Q&A on New Credit Card Law
(from Maine Townsman, October 2009)
By Susanne Pilgrim, Staff Attorney, MMA
Maine’s Legislature recently enacted a law allowing municipalities to pass some transaction fees associated with credit/debit card usage to the consumer. When did the law become effective?
The Legislature added a new section to Maine’s Consumer Credit Code (9-A M.R.S.A. § 8-303(2-A)) to allow some government entities to charge consumers a fee when accepting a payment via credit/debit card. The law, PL 2009, c.113, became effective September 12, 2009.
Can any municipality take advantage of the new law?
The law applies to “governmental entities,” which are defined to include counties, most quasi-municipal corporations, the state Judicial Department and “municipalities as defined in 30-A M.R.S.A. § 2001(8).” The law’s definition of “municipality” includes only cities and towns. Plantations are not “municipalities” under this law.
What were the major changes in the law and how do these changes affect a municipality’s ability to accept credit card payments?
Every credit card transaction involves transaction fees that are usually absorbed by the merchant. Before the new law was passed, Maine’s Consumer Credit Code arguably prevented government merchants from passing such fees along to consumers. Absorbing the transaction fees raised issues for governments because the costs can be substantial and absorbing the fees requires all taxpayers to bear the costs of the service. Existing law had been interpreted to allow municipalities that accepted payments electronically to impose a single “convenience fee” on all electronic payments (including credit, debit and ACH transactions) based on the added convenience to the consumer. However, a “convenience fee” could not apply to credit card payments made by non-electronic means (e.g. over the counter, by mail). The new law attempts to provide more flexibility to governments to accept credit/debit cards because it authorizes transaction fees to be charged to consumers for credit/debit card payments made via any payment channel.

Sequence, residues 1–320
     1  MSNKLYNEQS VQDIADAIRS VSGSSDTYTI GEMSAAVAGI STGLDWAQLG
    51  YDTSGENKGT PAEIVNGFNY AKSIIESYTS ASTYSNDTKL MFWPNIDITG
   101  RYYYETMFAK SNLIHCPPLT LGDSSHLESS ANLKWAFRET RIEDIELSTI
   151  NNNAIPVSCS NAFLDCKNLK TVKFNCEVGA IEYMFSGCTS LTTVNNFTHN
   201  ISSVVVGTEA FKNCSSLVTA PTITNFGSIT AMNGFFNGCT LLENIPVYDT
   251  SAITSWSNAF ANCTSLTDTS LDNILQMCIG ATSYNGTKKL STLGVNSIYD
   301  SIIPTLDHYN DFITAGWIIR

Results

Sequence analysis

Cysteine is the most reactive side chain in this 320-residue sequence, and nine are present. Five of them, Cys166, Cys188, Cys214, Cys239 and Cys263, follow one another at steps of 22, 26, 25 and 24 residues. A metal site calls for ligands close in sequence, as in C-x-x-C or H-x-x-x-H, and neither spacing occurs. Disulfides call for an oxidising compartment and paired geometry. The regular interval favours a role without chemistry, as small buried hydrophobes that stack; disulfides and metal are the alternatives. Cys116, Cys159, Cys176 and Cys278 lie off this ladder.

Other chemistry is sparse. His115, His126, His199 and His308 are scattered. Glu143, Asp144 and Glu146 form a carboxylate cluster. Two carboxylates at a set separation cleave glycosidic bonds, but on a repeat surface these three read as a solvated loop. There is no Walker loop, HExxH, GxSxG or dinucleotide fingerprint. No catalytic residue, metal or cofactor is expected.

However, municipalities that plan to begin accepting credit/debit card payments based on the new law should proceed cautiously. There are a number of practical and legal issues that to be carefully considered before implementing this new authority
Do municipalities have to accept credit/debit cards under the new law?
No. Nothing in the law requires a municipality to accept payments via credit or debit card.
If a municipality chooses to accept credit/debit card payments, must they be accepted as payment for all municipal services?
No. A municipality may choose to accept credit/debit cards for some types of payments and not others. Likewise, a municipality may choose to accept credit/debit cards through some payment channels and not others (e.g., via a website, by mail, etc.).
Are there limits on the fees that can be charged to the consumer?
Yes, there are important limits on any fee charged to the consumer. First, the law authorizes transaction fees only for payments made for taxes, fines, charges, utility fees, regulatory fees, license or permit fees or for specific services provided by the governmental entity.
Second, the fee may not exceed the costs associated with providing the credit/debit card service that are “directly incurred” by the municipality or are assessed by an “authorized 3rd-party payment service provider” for a credit/debit card transaction. If there is no cost imposed on the municipality for a debit card transaction, no fee may be charged in that transaction. What this language means in practice is one of the difficulties in applying the law. Based on our information, the transaction fee incurred by a municipality may not be the same in every customer transaction and may not be easily calculated in advance. As a result, it may be difficult to comply with the law’s disclosure requirements (see below). It is not clear whether the law would allow a municipality to charge a single transaction fee equal to the “average” fee it incurs. Because of this uncertainty, we recommend that unless a municipality is able to calculate individual transaction fees in advance, the municipality charge no more than the lowest fee that might apply in the transaction. See the Legal Services Information Packet on the subject for more information.